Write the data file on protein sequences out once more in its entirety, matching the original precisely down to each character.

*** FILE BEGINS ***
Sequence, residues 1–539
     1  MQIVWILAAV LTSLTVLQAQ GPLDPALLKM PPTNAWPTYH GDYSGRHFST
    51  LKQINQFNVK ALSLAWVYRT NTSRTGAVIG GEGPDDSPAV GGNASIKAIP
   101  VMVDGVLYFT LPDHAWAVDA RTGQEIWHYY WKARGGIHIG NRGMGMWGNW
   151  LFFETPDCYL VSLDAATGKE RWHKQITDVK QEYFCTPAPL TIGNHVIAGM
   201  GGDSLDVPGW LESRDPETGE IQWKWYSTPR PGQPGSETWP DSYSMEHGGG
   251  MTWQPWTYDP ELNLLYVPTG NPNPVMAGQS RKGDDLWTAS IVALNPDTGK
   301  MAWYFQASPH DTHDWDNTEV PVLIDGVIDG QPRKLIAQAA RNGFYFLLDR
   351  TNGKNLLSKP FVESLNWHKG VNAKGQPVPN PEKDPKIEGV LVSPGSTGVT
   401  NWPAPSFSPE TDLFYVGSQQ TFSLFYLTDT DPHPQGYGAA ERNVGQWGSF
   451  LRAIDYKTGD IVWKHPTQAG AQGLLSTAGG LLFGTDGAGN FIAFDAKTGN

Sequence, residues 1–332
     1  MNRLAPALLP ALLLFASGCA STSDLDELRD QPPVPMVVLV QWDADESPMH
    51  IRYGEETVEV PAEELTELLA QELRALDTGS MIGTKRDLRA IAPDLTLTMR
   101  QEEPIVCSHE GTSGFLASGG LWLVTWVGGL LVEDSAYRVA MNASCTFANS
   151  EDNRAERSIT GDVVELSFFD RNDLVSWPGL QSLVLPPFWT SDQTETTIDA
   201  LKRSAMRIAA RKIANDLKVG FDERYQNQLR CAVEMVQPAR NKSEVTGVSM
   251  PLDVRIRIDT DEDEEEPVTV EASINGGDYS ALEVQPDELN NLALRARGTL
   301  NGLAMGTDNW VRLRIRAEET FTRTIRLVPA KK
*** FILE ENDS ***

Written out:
Sequence, residues 1–539
     1  MQIVWILAAV LTSLTVLQAQ GPLDPALLKM PPTNAWPTYH GDYSGRHFST
    51  LKQINQFNVK ALSLAWVYRT NTSRTGAVIG GEGPDDSPAV GGNASIKAIP
   101  VMVDGVLYFT LPDHAWAVDA RTGQEIWHYY WKARGGIHIG NRGMGMWGNW
   151  LFFETPDCYL VSLDAATGKE RWHKQITDVK QEYFCTPAPL TIGNHVIAGM
   201  GGDSLDVPGW LESRDPETGE IQWKWYSTPR PGQPGSETWP DSYSMEHGGG
   251  MTWQPWTYDP ELNLLYVPTG NPNPVMAGQS RKGDDLWTAS IVALNPDTGK
   301  MAWYFQASPH DTHDWDNTEV PVLIDGVIDG QPRKLIAQAA RNGFYFLLDR
   351  TNGKNLLSKP FVESLNWHKG VNAKGQPVPN PEKDPKIEGV LVSPGSTGVT
   401  NWPAPSFSPE TDLFYVGSQQ TFSLFYLTDT DPHPQGYGAA ERNVGQWGSF
   451  LRAIDYKTGD IVWKHPTQAG AQGLLSTAGG LLFGTDGAGN FIAFDAKTGN

Sequence, residues 1–332
     1  MNRLAPALLP ALLLFASGCA STSDLDELRD QPPVPMVVLV QWDADESPMH
    51  IRYGEETVEV PAEELTELLA QELRALDTGS MIGTKRDLRA IAPDLTLTMR
   101  QEEPIVCSHE GTSGFLASGG LWLVTWVGGL LVEDSAYRVA MNASCTFANS
   151  EDNRAERSIT GDVVELSFFD RNDLVSWPGL QSLVLPPFWT SDQTETTIDA
   201  LKRSAMRIAA RKIANDLKVG FDERYQNQLR CAVEMVQPAR NKSEVTGVSM
   251  PLDVRIRIDT DEDEEEPVTV EASINGGDYS ALEVQPDELN NLALRARGTL
   301  NGLAMGTDNW VRLRIRAEET FTRTIRLVPA KK